Wednesday, June 19, 2024

Biden EV mandates not practical for Montana

by Alan Olson
| May 19, 2024 12:00 AM

Life in Montana takes energy. Companies and individuals across the state have worked tirelessly over the years to ensure Montanans have the power to go about their lives in the way they want. It is part of what makes Montana the Last Best Place.

However, the Biden-Harris administration’s new EPA mandate threatens that freedom. Under the EPA’s final rule, two-thirds of vehicles sold by U.S. automakers need to be battery-powered or plug-in hybrid by 2032. Fundamentally — Montanans, and the rest of the United States, will eventually be forced to purchase an electric vehicle (EV) for their family car — no matter how expensive it is.

If Montana is to preserve a huge part of its residents’ way of life and prevent the stretching of some communities’ shallow pockets, we need all our policymakers in Washington D.C. to step up to the plate and oppose this electric vehicle mandate.

As executive director of the Montana Petroleum Association, I have seen firsthand how hard our member companies work to provide reliable energy sources to the people of Montana. If the EPA’s mandate takes root, our member companies’ workers will suffer, as oil and gas jobs become fewer and further between.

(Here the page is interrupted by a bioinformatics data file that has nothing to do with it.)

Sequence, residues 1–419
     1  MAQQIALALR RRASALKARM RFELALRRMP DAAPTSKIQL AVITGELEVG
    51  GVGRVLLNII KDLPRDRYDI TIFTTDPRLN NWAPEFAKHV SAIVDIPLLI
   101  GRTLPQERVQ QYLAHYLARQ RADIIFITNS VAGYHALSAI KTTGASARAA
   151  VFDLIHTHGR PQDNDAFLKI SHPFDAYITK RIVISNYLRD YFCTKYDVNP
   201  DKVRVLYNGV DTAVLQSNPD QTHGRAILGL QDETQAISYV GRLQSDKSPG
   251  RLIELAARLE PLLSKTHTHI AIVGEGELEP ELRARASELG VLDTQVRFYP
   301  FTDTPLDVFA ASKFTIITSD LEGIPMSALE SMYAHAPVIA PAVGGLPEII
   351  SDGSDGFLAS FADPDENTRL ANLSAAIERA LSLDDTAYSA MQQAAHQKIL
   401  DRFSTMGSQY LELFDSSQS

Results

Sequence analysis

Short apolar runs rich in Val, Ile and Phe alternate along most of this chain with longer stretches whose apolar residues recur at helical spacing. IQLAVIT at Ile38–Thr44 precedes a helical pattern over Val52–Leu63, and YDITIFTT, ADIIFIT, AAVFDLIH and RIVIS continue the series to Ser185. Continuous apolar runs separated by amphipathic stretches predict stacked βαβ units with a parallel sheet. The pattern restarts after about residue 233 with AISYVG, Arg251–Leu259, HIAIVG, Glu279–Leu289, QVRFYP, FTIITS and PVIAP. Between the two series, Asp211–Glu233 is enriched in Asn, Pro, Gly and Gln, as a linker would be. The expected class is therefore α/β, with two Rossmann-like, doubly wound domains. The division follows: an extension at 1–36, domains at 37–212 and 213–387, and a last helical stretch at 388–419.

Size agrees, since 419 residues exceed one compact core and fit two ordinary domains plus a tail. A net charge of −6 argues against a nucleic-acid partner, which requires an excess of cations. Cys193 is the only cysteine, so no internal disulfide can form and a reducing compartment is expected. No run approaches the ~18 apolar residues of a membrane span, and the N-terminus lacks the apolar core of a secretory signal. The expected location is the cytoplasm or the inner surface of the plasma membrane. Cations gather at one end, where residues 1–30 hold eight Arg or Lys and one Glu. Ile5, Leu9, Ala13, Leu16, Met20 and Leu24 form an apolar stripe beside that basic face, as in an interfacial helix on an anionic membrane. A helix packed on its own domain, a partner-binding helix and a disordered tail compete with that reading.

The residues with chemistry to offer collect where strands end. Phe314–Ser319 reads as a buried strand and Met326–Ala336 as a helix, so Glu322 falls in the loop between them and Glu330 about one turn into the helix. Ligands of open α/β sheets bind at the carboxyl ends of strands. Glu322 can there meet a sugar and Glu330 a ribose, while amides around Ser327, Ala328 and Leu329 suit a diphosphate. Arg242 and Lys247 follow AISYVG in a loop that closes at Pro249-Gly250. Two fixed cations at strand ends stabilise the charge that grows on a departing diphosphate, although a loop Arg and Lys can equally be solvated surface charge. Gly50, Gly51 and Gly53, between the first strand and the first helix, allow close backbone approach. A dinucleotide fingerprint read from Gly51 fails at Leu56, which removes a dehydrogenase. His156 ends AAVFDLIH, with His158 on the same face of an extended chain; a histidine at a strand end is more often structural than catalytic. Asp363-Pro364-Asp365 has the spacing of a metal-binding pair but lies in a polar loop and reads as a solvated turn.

It will also drastically increase consumer costs as a result of the mandated shifts to expensive and inefficient EV’s, which at this point simply do not support the hauling and long-distance needs of members of the oil and gas industry, or everyday Montana consumers.

Our member companies are actively addressing sustainability and climate issues, recognizing the importance of reducing greenhouse gas emissions, and operating with the aim of providing Montanans with critical resources while respecting the importance of our environment; but the bottom line is that Montanans — and Americans — still rely heavily on gas- and diesel-powered vehicles, and shouldn’t be expected to scrimp in other essential areas, like groceries, just to eventually be able to afford an EV.

Kelley Blue Book reports that according to data from Cox Automotive, “the average transaction price for electric cars was $53,469 in July 2023, vs. gas-powered vehicles at $48,334.” 

The exponentially higher cost of an EV in addition to Montana’s rising cost of living is not insignificant. Car insurance for EVs is also costlier than gas powered vehicles, “on average, insurance for an electric car is $44 per month more expensive.” How can the government implement policies that impact Americans’ job availability and then double down by providing essentially one, expensive option for a cornerstone of their daily lives?

In addition to the financial strain this forced electric transition will have on consumers, it also heightens serious, existing concerns for Montana’s electric grid. Electrification of Montana vehicles will cause an inevitable increase in demand on our state’s limited grid capacity.

I commend Sen. Steve Daines’ and Attorney General Austin Knudsen’s efforts to oppose this mandate, but unfortunately, it may not be enough. We need Sen. Jon Tester and all of our office holders to stand against this mandate from Washington, D.C. because failing to do so puts Montana consumers, and our energy security, in jeopardy.

Alan Olson is the executive director of the Montana Petroleum Association.